July 25, 2004

Catch-22

Joseph Heller: When I read something saying I've not done anything as good as Catch-22 I'm tempted to reply, 'Who has?'

This book is crazy. It'll drive you crazy if you think too much about it. All the characters in it are insane, in varying degrees. It's a book that cannot be understood, cannot be analysed, it just is. It's based during the second world war, with a group of American airmen based somewhere in Italy. And the war, along with the bureaucratic of the army, is what drives everybody crazy. It really drives home the point that bureaucracy absurd.

All the craziness aside, this is a brilliant book. It's thoroughly unconventional. It's so funny at times that you need to stop reading for a few moments. And it's tragic at the times it's the most funny.

The book is mainly about one man, Yossarin. When you start reading the book, you'll think that he is insane. In the end, it turns out that he's probably the most sane person left around. Yossarin is someone who seems to have given up on all his ideals, and his only remaining concern is living through the war. He fakes illness, runs away from combat, tries to get off duty any way he can. He seems to believe everybody is out to get him, he comes across as an extremely paranoid person at first. Of course, all this is in the initial part of the book, you learn more later.

And you come across Catch-22, a military rule of sorts. It's a fundamental paradox, and the first time we come across it is when Yossarin wants to get off combat on grounds of being insane.

You see, the army cannot let an insane person fly missions.
So Yossarin who's insane to some degree, asks to be excused.
But asking to be excused means that he's worried about his own safety, which shows that a degree of sanity remains in him. And he has to keep flying.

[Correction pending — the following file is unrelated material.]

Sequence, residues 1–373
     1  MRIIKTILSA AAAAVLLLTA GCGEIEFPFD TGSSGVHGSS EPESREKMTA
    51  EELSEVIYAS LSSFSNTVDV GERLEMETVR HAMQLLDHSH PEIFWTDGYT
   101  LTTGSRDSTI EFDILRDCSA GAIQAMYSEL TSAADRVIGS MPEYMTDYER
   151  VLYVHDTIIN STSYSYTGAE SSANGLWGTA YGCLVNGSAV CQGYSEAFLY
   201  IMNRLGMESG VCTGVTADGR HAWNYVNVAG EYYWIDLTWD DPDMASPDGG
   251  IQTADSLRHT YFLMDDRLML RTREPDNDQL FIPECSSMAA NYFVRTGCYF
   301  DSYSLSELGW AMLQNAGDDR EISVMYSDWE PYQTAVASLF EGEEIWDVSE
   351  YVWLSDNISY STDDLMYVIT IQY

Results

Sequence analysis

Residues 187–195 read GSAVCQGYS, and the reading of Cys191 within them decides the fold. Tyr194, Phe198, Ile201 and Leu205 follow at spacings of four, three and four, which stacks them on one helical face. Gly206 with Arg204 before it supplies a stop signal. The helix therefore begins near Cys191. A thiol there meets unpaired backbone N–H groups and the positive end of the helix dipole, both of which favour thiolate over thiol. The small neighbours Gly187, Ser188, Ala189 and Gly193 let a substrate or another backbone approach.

Anybody who's really insane would not ask to be excused, so he has to keep flying also.

You come across Catch-22 in varying forms throughout the book.

The most amazing thing about this book is that all the jokes & gags in the book are long-running. Even the smallest joke in the initial pages will come back to you near the end. There are so many varies plot-lines going through the book, and there is no definite sense of time. But it all resolves in the end.

Of course, there are a lot of other characters in the book, some more absurd than the rest. But as the book progresses, they keep dying, and only a few remain till the end. One of them is Milo, a mess supply officer who forms a trade syndicate of his own, in which "everybody has a share". Throughout the novel, he grows in power, and even starters trading with the enemy. He also becomes a military officer, even bombing his own unit for a profit. Milo is Heller's view of what capitalism can become.

This is one profoundly disturbing novel. It's a must read for precisely the same reason.

On a side-note, every novel I've read recently has been of similar character. Time to read some simple/feel-good book now.

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